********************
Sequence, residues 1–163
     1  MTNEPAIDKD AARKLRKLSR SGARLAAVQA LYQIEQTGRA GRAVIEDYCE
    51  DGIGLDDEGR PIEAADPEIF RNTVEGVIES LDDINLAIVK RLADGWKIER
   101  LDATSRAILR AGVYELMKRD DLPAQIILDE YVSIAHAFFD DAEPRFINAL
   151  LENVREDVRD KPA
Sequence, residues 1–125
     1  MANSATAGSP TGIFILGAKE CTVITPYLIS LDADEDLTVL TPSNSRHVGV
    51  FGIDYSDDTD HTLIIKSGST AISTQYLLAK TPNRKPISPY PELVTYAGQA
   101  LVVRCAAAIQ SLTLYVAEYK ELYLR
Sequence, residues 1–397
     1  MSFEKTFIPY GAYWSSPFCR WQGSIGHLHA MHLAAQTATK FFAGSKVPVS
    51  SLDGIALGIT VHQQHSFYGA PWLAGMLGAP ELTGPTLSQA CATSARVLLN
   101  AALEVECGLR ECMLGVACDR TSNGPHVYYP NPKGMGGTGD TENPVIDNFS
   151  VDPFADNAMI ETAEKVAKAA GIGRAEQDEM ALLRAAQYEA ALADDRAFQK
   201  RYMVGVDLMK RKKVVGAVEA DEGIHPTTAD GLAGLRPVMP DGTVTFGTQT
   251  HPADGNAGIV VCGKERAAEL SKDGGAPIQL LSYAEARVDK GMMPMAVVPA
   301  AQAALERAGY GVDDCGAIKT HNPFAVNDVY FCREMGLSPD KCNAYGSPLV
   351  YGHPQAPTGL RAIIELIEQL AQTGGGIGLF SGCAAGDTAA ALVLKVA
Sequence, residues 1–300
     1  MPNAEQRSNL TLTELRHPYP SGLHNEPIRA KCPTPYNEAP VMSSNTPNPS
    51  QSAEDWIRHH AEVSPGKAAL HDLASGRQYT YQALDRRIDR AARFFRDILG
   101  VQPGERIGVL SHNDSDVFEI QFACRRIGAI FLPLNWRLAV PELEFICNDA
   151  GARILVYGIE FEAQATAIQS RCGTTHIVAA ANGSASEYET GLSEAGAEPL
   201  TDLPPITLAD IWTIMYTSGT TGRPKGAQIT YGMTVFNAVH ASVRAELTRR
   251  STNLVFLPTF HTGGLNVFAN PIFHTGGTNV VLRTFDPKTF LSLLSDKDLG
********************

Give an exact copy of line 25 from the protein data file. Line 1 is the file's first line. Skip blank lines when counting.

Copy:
   251  STNLVFLPTF HTGGLNVFAN PIFHTGGTNV VLRTFDPKTF LSLLSDKDLG